building to a campus of about 185 acres (including approximately 100 acres encompassing the
University Lodge) in the center of the community of Indiana with more than 30 major build-
ings, 20 other buildings, and a major athletic field development which provides adequately for
the recreational and physical activities of IUP students.

Recently completed were a men's dormitory complex, learning resourse center, student
health center, ROTC building, maintenence building, a student affairs building, and a fine
arts building. Presently under construction are a women's dormitory complex and a new din-
ing hall.

The overall plan is for the campus to be expanded to over 200 acres, accomodating approxi-
mately 1 2,000 full-time undergraduate students by 1 980.

In 1957 the college was authorized to offer, for the first time, work leading to the Master of
lucation degree in Elementary Education. The program was later expanded to include fif-

University Services and information


A wood and glass structure known as the Master Calendar now hangs on the walls of the
Student Union. It is an effort to centralize the listing of important activities on the campus for
all to view easily and to help eliminate duplicate scheduling and reduce conflicting activities.
By its very nature the Calendar can provide the most up-to-date information on activities and
aid in the long-range planning of campus organizations.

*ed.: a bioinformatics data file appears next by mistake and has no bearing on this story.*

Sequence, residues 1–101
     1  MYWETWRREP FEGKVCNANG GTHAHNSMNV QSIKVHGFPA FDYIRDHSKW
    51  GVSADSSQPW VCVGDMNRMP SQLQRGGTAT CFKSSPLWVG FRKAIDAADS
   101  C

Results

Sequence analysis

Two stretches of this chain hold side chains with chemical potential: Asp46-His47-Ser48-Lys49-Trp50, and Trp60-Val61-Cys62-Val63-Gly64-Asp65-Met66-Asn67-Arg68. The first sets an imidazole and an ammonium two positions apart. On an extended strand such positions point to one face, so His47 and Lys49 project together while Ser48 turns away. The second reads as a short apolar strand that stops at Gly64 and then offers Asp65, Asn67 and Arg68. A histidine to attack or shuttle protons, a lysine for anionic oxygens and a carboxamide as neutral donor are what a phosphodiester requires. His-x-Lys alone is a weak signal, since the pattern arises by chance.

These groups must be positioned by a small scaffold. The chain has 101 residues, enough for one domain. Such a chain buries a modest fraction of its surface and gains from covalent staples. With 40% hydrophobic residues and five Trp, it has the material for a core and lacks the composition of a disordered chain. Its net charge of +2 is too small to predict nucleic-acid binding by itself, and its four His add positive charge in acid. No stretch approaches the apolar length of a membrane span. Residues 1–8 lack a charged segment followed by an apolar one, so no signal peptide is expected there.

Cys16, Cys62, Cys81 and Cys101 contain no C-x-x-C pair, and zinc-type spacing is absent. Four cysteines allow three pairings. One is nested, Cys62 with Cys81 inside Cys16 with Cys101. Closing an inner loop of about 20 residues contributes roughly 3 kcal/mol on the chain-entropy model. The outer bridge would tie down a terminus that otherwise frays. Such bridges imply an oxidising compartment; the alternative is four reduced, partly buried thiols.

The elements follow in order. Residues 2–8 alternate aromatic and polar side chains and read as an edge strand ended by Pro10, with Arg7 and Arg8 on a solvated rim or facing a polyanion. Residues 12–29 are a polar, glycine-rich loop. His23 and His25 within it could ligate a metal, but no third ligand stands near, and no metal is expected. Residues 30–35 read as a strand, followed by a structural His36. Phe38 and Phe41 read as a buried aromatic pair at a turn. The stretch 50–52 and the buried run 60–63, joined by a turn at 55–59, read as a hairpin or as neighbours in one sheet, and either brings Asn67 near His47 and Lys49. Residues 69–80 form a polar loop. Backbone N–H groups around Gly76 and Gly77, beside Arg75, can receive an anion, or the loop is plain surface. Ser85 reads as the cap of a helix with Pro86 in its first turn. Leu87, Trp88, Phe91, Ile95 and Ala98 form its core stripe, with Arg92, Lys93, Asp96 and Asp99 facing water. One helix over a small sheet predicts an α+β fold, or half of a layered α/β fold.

The Master Calendar senter is operated from the office of the Assistant Program Director in
the Student Union, and it receives inormation in any one of the following ways:

1. Organization advisors submit lists of their organization's activities

2. Persons making room reservations for an organizational event are asked to fill out a

3. Any person wishing to announce an organizational activity may receive a form to fill out
on request at theUnionServiceDesk.


Library Hours

Monday through Thursday 7:45am — 10

Friday 7:45am— 9

Saturday 7:45am— 5

Sunday 2:00pm— 10


Record Listening Room — Available during regular library hours; students must ask for the key

Library Policy:

1. Books are charged for circulation on each student's l-Card through computer process.

2. All circulating materials have a loan period of three weeks, except reserve materials,
which vary. A charged item may be renewed if no one has requested it. It must be brought to
the circulation desk for renewal.

3. Fines for general overdue materials are two cents per day, except for reserve materials.
The following fine schedule applies for all overdue reserve materials:

Overdue to one hour $1 .00

Overdue to two hours $2.00

Overdue to three hours $3.00

Overdue to four hours $4.00

Overdue to five hours $5.00

Over five hours 8.00

Maximum fine per day $8.00

4. Magazines do not circulate outside the Library; they are requested for use at the Main

5. If you wish to return library materials at times when the Library is not open, use the book
drop to the left of the steps at the main entrance.